“I don’t feel like I go overboard because I manage my deals through organization,” says Meadows. “I get what I want and am pleased with the outcome. Yes, I spend money, but it’s money I was going to spend anyway, just less, then I don’t see that as problem.”
Of course, it’s not just women who are social buying fans. Dan Guarino was sold on the phenomenon when he scored his first Groupon deal last summer and got a teeth-whitening treatment for $79. “I saved $371 — amazing!” says Guarino, who has been on the hunt for deals ever since. He has purchased lots of restaurant and spa deals, and just redeemed a coupon for a massage. He too, isn’t sure exactly how much he has spent on group buying deals, but estimates it’s “well over $1,000” in less than a year.
But like so many other group buyers, he says he, too, has forgotten to redeem coupons, among them a half-off Gap deal and a discount at Bonchon Chicken. “I get pretty annoyed when I forget,” Guarino says. He admits he has purchased items he doesn’t need. “But I love the deal, and I love sharing the deals with my friends. I’ll post deals on Facebook or text them to my friends so they can take advantage of them too.”
How to Tame the Group Buying Habit
Financial gurus are all for taking advantage of a real deal. But knowing when to say no, and when enough is enough, is key. Kit Yarrow, author and expert consumer psychologist offers her thoughts. “Ask yourself if you would have sought the product or service if it hadn’t come in your mailbox. Add up the cost of all the Groupons your purchased and didn’t use. Ask yourself if the restaurant or experience would have been more fun if it was exactly where you wanted to go, instead of the place for which had a Groupon that day.”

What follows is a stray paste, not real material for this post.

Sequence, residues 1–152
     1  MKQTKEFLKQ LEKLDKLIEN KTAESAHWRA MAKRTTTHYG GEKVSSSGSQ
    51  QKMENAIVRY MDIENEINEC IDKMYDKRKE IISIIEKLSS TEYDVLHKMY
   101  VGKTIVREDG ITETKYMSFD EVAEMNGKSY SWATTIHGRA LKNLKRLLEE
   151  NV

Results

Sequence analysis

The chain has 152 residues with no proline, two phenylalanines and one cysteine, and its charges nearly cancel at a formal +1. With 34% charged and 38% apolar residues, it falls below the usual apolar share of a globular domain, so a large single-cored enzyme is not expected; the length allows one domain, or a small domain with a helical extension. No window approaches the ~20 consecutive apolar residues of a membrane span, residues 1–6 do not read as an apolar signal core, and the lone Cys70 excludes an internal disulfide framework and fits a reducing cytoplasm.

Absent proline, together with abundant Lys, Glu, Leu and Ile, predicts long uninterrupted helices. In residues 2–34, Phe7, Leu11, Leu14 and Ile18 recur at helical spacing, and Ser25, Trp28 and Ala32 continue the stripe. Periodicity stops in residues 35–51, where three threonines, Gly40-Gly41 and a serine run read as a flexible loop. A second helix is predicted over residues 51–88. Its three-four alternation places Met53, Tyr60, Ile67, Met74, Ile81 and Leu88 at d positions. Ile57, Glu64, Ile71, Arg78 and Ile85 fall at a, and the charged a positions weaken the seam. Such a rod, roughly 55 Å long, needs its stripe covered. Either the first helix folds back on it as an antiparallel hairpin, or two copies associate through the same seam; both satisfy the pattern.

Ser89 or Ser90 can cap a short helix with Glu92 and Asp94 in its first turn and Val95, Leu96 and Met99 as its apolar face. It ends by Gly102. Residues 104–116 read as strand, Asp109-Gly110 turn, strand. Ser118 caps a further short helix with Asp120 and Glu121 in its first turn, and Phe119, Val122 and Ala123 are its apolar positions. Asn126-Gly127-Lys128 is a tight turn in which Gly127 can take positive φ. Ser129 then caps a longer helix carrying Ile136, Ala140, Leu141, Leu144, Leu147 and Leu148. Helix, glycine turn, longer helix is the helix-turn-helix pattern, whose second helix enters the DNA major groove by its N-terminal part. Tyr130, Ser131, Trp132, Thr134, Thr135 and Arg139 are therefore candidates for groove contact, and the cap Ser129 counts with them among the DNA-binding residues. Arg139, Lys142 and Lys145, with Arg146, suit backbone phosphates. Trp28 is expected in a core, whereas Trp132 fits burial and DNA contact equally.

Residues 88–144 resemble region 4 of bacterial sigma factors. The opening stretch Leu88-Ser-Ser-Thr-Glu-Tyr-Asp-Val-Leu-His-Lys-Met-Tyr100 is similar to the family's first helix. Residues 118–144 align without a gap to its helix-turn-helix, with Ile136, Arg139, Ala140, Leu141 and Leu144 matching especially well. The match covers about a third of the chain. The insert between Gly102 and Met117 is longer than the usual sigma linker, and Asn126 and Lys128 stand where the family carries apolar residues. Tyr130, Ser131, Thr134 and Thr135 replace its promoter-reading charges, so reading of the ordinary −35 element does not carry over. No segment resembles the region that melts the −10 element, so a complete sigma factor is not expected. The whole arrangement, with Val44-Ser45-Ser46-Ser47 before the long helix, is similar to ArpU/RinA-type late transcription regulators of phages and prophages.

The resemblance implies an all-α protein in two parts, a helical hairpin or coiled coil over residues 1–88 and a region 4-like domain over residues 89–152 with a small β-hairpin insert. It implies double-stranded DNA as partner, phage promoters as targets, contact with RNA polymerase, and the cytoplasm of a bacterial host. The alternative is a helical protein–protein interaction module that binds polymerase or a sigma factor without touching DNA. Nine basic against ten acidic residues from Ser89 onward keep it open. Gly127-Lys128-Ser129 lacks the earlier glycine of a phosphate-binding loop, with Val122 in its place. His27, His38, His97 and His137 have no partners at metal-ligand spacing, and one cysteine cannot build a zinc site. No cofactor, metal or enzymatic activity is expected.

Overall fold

Mackey McNeill, a certified public accountant and financial planner goes further. “Set a weekly or monthly budget for deals based on your overall spending and income that you can afford to spend from each paycheck on deals. Write it down. Commit to it with your partner.”
Get a friend or buddy to assist you, like AA where you have someone to call when you need help, she suggests.
Her other recommendations:
• Commit to a pause. Deals are impulsive, emotional buying decisions and in order to interrupt them you need a pause — like agreeing to check in with a spouse or a friend or getting up from the computer for 10 minutes before making the purchases, advises McNeill.
• Ask yourself if in 30 days you will be happy that I made this purchase?
• Turn off your Groupon alert/message once you’ve spent your budget for the week or month.
• Replace one habit with another habit. “If Groupon was a bad habit, give yourself another avenue. If you love deals, allocate $15 a week for a trip to Goodwill or second hand store.” Better still, replace your spending habit with a healthy habit. “Walk in the park or go the library with the time you used to spend on Groupon. [If you] interrupt your pattern for four to six weeks, you can unhook,” she explains. “The replacement activity/habit is to keep you from feeling deprived.”